Puma profit slumps 85 pct as Europe slows
FRANKFURT Oct 24 (Reuters) - Sports apparel maker Puma said it was looking at more cost-cutting measures as it reported third-quarter results below expectations, hit by a slowdown in Europe and China as well as restructuring costs.
Slowing consumer spending in Europe has already prompted profit warnings from car suppliers to luxury handbag makers and food retailers.
Puma itself had warned over the summer that 2012 profit would fall far below that of last year on weak spending in Europe, its biggest market.
It is therefore reducing its product range, trimming organisational structures, looking at its store network and scrapping non-lucrative sponsorship deals.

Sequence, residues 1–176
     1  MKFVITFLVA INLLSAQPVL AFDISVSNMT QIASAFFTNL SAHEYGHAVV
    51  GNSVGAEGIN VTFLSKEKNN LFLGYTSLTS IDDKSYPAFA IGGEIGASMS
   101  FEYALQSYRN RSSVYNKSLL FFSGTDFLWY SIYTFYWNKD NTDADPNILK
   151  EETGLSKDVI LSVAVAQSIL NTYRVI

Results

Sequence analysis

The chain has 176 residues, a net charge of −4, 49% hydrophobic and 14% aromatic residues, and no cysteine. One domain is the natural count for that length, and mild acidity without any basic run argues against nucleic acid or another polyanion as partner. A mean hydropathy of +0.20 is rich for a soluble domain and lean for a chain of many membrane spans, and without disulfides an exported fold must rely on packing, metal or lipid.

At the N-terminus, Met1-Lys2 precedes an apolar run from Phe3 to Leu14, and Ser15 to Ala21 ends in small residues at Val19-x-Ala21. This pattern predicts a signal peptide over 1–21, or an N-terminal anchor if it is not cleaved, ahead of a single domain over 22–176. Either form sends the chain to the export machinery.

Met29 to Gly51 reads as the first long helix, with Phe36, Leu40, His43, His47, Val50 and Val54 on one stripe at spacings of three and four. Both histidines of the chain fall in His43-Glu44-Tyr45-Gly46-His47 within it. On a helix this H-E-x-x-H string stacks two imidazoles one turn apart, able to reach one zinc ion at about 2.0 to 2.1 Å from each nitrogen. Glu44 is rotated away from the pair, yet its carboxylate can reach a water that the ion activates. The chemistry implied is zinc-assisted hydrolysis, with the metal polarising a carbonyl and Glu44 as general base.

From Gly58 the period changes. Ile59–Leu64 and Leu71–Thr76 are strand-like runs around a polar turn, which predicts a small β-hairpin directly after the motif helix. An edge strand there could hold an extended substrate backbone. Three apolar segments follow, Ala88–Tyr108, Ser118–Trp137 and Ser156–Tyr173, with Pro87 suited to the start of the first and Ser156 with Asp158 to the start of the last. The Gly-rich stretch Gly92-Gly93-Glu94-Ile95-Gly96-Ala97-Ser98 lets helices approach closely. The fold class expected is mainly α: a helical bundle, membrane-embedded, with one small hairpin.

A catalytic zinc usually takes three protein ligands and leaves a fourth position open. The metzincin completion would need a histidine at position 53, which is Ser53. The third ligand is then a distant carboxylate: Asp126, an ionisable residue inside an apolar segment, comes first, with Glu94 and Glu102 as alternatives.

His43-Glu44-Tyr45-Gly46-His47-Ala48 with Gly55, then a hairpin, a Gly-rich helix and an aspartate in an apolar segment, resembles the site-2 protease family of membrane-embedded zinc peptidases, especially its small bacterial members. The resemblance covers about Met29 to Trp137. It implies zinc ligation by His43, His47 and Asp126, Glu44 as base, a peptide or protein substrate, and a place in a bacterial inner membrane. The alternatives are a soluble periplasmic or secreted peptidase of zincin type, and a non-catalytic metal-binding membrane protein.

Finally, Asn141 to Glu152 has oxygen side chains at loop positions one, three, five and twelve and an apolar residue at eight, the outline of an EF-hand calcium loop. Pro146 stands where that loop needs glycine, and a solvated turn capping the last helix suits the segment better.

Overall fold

The Germany-based group, whose shoes are worn by sprinter Usain Bolt and soccer player Cesc Fabregas, said third-quarter sales rose to 892.2 million euros ($1.16 billion) and net profit crashed 85 percent to 12.2 million euros. That included restructuring costs of 80 million euros in the quarter.
That compared with analysts' forecast for sales of 906 million euros and net profit of 36.4 million.
DAVOS, Switzerland - Central banks have done their best to rescue the world economy by printing money and politicians must now act fast to enact structural reforms and pro-investment policies to boost growth, central bankers said on Saturday.